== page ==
By Mike Amery, Legislative Counsel, Federal Affairs, (202) 506-7468, firstname.lastname@example.org
Medicare Physician Reimbursement Cuts
The U.S. Senate has again resorted to a short-term fix of the Sustainable Growth Rate (SGR) problem that currently calls for a 21 percent cut in physician reimbursement under Medicare. Assuming it is passed by the House, which is not a done deal according to a press release issued by House Speaker Nancy Pelosi (D-CA) , Congress will prevent cuts for just six months leaving physicians looking for a pardon around Thanksgiving, just like the ceremonial White House turkey.
Of course, this time the cut actually went into effect as last Friday the Centers for Medicare and Medicaid Services (CMS) began implementation. The Senate legislation provides for retroactive payments back to June 1, but some Medicare claims have been processed at the lower rate and some will require reprocessing. All of this burdens physician practices and provides less confidence in the long-term sustainability of the Medicare program.
Why Isn't This Done?
I talked to several members of Congress last week about the Academy's position that Congress needs to find a permanent fix for the SGR. I met with key members of both sides of the aisle including Senate Minority Leader Mitch McConnell (R-KY), House Ways and Means Chairman Sander Levin (D-MI), and a true supporter of physicians, Rep. Mark Kirk (R-IL), who is running for the U.S. Senate in Illinois.
Hopefully candidates who support neurologists like Kirk will get elected and we will have enough supporters to permanently fix this ridiculous situation. But as it stands now everyone says they want to do something, that this isn't a partisan issue, and that it just comes down to cost.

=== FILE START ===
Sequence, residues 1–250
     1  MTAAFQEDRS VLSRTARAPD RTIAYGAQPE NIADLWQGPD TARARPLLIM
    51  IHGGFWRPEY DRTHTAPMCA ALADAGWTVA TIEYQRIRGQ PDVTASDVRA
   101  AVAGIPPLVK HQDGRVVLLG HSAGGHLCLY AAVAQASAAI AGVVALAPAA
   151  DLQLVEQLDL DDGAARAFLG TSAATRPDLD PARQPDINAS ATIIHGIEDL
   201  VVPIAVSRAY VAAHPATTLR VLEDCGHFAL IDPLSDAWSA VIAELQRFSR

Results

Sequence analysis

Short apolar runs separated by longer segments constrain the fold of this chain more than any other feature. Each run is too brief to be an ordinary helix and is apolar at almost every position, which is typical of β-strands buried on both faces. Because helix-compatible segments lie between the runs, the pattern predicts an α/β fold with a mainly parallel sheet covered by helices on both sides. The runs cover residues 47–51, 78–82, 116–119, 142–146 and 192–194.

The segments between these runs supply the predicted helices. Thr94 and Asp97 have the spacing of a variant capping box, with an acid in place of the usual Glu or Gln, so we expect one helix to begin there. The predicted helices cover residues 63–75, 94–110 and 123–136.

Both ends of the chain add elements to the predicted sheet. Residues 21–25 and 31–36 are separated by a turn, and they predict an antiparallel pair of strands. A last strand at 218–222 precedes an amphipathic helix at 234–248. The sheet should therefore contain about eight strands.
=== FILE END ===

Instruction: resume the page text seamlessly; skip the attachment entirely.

The thing that gets me is that everything Congress passed in 2009 seemed to add to the deficit! Now the brakes are on when it comes time to ensure that Medicare beneficiaries have adequate access to care?
I'm not arguing that we should increase deficits, but I have trouble comprehending how Congress can bail out banks and automobile manufacturers, yet continue to ignore fixing a problem they created themselves and continue to say ‘not this time’ to the nation’s seniors.
Patient Support – You Can Help
Although the Academy hopes that Congress prevents the cuts, it continues to call for a permanent repeal of the unsustainable SGR. We are urging physicians to ask their patients to raise their voices with ours and sign the Medicare Petition, which can be found by clicking here. If you wish, you can also print material to share with your patients.
Patient Advocacy Groups
Patient advocacy groups are becoming more concerned about congressional policies that affect physicians. Last week, Parkinson's Action Network hosted a meeting that was attended by the Academy as well as the National MS Society , Epilepsy Foundation , Alzheimer's Association , Brain Injury Association of America , and ALS Association to talk about issues impacting neurologists and patients.
These same patient groups were the strongest supporters of the Academy's effort to include neurology in efforts to incentivize cognitive care in the health care reform bill. One of the results of the meeting was an agreement to draft a letter of support for including neurology in any technical corrections to health care reform.
Some of the patient groups also agreed to start lobbying on Capitol Hill with me on this issue. In fact, the Epilepsy Foundation will join me for meetings with the office of Congresswoman Allyson Schwartz (D-PA) and with Congressman John Dingell (D-MI) , the former chair of the House Energy and Commerce Committee, who has expressed an interest in ensuring that neurology is included in any technical corrections bill regarding health care reform. For more information on the history of this issue, please review my Capitol Hill Report from April 2, 2010